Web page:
Friday, 30 June 2017

Iranian City Records One of the Hottest Temperatures in History

The Iranian city of Ahvaz shattered national regional temperatures records on Thursday (June 29) when the heat rose to 128.7 degrees Fahrenheit, the hottest in Iran’s history. The temperature was also a record for June heat in the Asian mainland. Some reports put the temperature at 129.2 degrees Fahrenheit, which, if, true, would tie the record for hottest temperature recorded in modern times, outdone only by the 134 degrees Fahrenheit recorded in Death Valley, California, in 1913. And some experts today doubt that reading, according to USA Today.

In astro-meteorology, charts for Moon phases are used routinely for understanding weather conditions. At Ahvaz, Iran the current New Moon is conjunct Mars and the star Sirius on the Ascendant.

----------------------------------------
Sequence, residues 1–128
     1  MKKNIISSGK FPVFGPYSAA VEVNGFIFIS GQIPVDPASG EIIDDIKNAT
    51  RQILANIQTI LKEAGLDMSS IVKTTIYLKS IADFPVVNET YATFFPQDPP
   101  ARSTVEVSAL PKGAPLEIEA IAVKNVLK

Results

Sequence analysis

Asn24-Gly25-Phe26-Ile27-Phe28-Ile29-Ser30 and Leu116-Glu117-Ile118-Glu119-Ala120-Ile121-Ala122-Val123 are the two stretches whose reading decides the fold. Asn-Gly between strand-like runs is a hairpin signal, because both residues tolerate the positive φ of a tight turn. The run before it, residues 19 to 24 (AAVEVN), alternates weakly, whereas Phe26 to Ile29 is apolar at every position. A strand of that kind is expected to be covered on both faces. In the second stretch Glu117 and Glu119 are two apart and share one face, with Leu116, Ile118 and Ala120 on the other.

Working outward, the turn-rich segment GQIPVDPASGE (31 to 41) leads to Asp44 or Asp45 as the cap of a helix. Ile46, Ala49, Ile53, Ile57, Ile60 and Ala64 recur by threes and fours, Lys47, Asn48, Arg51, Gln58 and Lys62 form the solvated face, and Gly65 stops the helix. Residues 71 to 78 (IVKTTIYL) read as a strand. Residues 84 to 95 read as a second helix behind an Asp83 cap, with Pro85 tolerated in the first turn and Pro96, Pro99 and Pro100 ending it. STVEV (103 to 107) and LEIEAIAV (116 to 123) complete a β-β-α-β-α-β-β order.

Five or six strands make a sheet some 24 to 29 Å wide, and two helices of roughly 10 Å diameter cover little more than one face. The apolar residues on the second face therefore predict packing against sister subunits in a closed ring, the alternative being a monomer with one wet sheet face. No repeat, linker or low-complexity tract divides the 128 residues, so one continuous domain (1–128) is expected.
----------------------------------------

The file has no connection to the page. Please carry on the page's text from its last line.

Death Valley's Furnace Creek holds the record for the highest reliably recorded air temperature in the world, 134 °F (56.7 °C) on July 10, 1913. On July 7, 2013, the Sun was conjunct the Dog Star Sirius and placed on the Ascendant as the Moon reached its Crescent Phase.

In both cases, the star Sirius is the common factor.

"The brilliant constellation of the Dog: it barks forth flame, raves with its fire, and doubles the burning heat of the Sun. When it put its torch to the earth and discharges its rays, the earth foresees its conflagration and tastes its ultimate fate [translator's note: the ecpyrosis of the Stoics, who held that the Universe would ultimately be engulfed in conflagration and all things would return to the condition of primeval fire." [Manilius, Astronomica, 1st century AD, book 5, p.316-319].

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